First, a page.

Born into a progressive Indian family, I was encouraged to have a career and be independent. I grew up with great opportunities to learn about myself, travel and have a wholesome childhood and now adulthood.
Millions of Indian girls do not have this opportunity and there is discrimination at multiple stages. As the Indian Delegate for the G(irls)20 Summit 2015, I hope to enable women to recognize their potential. Through the summit, I plan to bring back ideas of how to increase Female Labour Force Participation (FLFP) in India.
FLFP has declined in India in the past few decades. Although there is economic growth, it isn't contributing to the employment level of women. Many factors come into play while deciding women's participation in the workforce, barriers like lack of education, lack of employment opportunities and social and cultural barriers, which include patriarchal mindsets and traditions, stereotypical gender roles and lack of empowerment.
A 'U' phenomenon explains the level of FLFP at different levels of education of women; it shows that uneducated women are more likely to be part of the labour force in the form of self-employment, unskilled /semi-skilled labourers. Data says that 96 per cent of working women in India are part of this segment of workers; however, bad working conditions and unequal wages result in no economic empowerment for them.
Inspite of economic growth, the rise in income has reduced the incentive and opportunity for women to pursue jobs, due to the "need to earn" disappearing, as women are sometimes discouraged to pursue careers when the income of men in their family increases.
Indian Nobel Laureate Amartya Sen has aptly said, "Poverty is not just a lack of money; it is not having the capability to realize one's full potential as a human being."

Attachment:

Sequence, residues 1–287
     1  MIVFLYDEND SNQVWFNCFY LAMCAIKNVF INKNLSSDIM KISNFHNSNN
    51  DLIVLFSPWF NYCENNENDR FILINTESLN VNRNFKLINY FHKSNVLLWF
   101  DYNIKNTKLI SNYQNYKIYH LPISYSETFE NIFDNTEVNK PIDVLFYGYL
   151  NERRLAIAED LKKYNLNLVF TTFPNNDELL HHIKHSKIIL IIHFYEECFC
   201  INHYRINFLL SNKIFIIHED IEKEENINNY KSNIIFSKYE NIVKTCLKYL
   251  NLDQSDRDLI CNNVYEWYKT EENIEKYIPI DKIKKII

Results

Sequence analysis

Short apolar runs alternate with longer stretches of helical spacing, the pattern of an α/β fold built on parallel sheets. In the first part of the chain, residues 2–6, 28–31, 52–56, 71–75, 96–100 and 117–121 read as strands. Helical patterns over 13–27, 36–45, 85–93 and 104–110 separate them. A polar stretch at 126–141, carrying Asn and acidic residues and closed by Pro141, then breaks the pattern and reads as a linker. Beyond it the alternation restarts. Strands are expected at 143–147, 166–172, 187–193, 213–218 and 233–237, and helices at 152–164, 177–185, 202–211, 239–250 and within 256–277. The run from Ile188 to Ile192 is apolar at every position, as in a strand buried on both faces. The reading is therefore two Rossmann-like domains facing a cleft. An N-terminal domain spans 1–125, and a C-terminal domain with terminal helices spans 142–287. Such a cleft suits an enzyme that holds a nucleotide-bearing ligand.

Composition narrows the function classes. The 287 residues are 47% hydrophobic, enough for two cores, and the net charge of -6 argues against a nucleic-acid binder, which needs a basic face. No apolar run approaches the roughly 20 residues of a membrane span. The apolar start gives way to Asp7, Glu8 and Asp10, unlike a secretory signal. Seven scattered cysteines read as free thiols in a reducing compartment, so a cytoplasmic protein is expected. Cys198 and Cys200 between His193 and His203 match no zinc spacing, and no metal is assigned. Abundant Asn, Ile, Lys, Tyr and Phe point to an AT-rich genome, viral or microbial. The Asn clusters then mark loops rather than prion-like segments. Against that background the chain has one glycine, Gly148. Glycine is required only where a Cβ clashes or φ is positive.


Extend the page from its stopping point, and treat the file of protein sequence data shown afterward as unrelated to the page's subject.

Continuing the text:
Every individual deserves a chance to discover their own potential and choose a life based on that. Ninety-six per cent of our working women work in the unorganized sector, which is undervalued; if we do not provide better working conditions and equal pay for them, we are complicit in not choosing to unlock their potential.
Part of the answer to poverty alleviation lies in the economic empowerment of each individual. When a woman is economically independent she invests in the nutrition, education, health and wellbeing of both her family and herself. Such empowerment occurs when we are able provide employment opportunities, equal wages and suitable working conditions to all women. Hence my program, Avanti Young Women Leadership Program, is working consistently to instill a sense of empowerment in women by enabling them to take the first step towards leadership. It has brought a holistic change in the attitude of many young girls and enabled them to become agents of change in the community.
By Ayushi Banerji, delegate representing India at the G(irls)20 Summit 2015 in Istanbul, Turkey
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